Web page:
The Obama administration publicly announced Monday that it has denied immigration rights to Bradford Wells and Anthony John Makk -- a gay couple in San Francisco that has been married for seven years -- and ordered the deportation of Makk to his native Australia, according to SFGate. Makk applied for permanent residency as a spouse of a U.S. citizen when his visa expired, but he was denied, as his same-sex marriage is not federally recognized.
Makk is the primary caregiver to Wells, who suffers from AIDS. The couple has lived together for 19 years and legally married in Massachusetts in 2004.
Although President Obama announced just last month that he would fight to repeal the controversial Defense of Marriage Act that bans same-sex marriage, his administration cited that very act in the decision.
Until the act is repealed, the White House has vowed to enforce it on a case-by-case basis. In this case, Makk has lived in the United States for more than 20 years, owns a San Francisco business, has no criminal history, has never lived here illegally and is the primary caregiver to his husband.
The timing of the deportation is especially stressful for the ailing Wells, who suffers from advanced AIDS and was rushed to the emergency room in June with symptoms of a heart attack, according to SFWeekly. Wells could join Makk in Australia, but he would be forced to give up his medical insurance.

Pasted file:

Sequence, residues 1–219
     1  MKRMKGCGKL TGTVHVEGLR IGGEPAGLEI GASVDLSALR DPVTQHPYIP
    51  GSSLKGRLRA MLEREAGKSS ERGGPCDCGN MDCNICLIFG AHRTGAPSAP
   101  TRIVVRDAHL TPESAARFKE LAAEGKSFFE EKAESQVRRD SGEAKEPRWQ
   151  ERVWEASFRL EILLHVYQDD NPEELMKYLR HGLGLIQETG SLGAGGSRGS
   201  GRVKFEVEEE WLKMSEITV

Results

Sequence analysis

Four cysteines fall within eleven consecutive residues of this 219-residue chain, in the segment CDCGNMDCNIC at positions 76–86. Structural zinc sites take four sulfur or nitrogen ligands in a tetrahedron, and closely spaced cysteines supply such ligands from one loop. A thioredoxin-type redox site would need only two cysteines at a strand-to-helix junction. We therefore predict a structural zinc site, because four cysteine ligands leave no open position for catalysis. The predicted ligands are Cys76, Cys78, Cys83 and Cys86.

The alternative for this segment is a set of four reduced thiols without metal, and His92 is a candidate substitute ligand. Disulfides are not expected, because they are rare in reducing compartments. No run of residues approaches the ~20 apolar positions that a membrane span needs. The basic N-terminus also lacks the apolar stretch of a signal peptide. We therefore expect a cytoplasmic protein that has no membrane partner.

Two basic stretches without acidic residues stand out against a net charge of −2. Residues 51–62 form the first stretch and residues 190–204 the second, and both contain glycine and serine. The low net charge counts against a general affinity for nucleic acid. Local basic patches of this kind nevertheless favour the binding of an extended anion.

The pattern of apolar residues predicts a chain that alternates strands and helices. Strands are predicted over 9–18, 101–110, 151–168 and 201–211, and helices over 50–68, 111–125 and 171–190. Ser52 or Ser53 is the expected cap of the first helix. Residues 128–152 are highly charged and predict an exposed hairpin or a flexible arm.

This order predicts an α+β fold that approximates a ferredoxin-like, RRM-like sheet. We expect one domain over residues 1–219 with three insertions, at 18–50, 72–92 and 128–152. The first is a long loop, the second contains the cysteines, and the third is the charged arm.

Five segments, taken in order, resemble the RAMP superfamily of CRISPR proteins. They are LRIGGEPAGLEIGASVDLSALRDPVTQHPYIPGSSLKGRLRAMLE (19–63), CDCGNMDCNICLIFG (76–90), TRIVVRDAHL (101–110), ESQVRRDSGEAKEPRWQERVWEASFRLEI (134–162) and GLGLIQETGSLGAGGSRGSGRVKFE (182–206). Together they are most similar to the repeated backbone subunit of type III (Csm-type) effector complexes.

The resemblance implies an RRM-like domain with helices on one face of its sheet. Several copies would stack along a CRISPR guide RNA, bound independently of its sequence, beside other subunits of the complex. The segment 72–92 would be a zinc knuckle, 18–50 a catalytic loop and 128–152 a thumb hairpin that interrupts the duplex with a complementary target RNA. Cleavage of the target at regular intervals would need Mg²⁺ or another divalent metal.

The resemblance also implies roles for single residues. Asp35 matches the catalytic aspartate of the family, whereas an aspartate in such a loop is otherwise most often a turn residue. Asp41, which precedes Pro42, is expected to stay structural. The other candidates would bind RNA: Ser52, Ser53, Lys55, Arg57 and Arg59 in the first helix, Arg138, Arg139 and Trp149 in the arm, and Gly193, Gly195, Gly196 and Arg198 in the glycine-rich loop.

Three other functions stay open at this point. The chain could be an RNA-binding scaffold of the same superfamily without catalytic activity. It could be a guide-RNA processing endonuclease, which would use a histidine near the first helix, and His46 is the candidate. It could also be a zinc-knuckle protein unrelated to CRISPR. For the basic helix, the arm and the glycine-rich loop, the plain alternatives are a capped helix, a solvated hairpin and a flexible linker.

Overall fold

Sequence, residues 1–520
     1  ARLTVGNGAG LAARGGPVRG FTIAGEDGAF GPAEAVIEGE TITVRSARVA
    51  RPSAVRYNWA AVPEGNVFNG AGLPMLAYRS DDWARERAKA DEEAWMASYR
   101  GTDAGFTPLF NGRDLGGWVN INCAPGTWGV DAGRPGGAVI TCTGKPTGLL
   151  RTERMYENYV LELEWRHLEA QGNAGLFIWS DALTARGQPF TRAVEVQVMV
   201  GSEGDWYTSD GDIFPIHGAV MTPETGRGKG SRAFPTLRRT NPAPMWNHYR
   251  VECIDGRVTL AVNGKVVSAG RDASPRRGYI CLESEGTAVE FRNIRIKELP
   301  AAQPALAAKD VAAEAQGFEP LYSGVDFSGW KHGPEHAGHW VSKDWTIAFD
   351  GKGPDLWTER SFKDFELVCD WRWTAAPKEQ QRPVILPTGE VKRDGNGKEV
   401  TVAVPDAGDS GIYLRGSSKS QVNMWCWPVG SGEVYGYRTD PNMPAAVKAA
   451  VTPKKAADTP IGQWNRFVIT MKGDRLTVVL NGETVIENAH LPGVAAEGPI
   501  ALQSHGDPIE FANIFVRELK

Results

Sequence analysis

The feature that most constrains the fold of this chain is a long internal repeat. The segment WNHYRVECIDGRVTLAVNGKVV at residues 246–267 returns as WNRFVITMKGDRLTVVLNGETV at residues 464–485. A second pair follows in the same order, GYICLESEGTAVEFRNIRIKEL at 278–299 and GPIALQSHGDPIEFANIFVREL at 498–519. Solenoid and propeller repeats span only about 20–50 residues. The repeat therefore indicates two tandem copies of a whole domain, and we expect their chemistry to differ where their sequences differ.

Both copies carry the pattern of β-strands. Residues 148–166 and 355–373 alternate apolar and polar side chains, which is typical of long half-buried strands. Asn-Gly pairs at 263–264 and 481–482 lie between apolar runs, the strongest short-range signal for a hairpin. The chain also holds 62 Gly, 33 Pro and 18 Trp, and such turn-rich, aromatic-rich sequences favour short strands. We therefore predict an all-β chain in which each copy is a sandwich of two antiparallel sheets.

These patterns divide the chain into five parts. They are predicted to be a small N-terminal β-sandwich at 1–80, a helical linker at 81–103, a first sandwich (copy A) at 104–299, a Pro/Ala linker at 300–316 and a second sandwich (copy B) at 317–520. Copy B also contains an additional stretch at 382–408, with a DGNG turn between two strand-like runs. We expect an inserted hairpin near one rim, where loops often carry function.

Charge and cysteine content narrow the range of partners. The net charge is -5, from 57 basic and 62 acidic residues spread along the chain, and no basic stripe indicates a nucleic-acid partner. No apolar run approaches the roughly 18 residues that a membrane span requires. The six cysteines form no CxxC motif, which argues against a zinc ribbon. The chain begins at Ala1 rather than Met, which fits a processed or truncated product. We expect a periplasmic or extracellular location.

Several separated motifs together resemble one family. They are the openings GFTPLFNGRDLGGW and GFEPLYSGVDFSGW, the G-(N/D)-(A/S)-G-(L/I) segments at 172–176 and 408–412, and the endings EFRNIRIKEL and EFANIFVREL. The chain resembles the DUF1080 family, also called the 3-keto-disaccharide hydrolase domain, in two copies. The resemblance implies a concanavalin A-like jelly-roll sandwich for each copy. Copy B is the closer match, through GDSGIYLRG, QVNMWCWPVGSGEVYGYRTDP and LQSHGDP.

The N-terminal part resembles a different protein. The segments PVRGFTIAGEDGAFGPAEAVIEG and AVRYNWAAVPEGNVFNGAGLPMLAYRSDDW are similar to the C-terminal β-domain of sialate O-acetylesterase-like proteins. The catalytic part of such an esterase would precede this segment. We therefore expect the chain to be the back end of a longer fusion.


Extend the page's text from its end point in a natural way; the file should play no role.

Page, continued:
I'm married just like any other married person in this country. At this point, the government can come in and take my husband and deport him. It's infuriating. It's upsetting. I have no power, no right to keep my husband in this country. I love this country, I live here, I pay taxes and I have no right to share my home with the person I married. Anyone can identify with the horror of having the government come in and destroy your family when you've done nothing wrong, and you've done everything right, followed every law.
Makk will be forced to leave the country by August 25.
UPDATE: On Tuesday afternoon, Anthony John Makk and Bradford Wells announced that they will be appealing their Defense of Marriage Act visa denial, as reported by SF Weekly. SF Weekly also reported that Nancy Pelosi has reached out to urge the Obama administration to reconsider the decision. Her office released the following statement: "Leader Pelosi has formally contacted USCIS on behalf of her constituents and will be working to exhaust all appropriate immigration remedies that are currently open to pursue."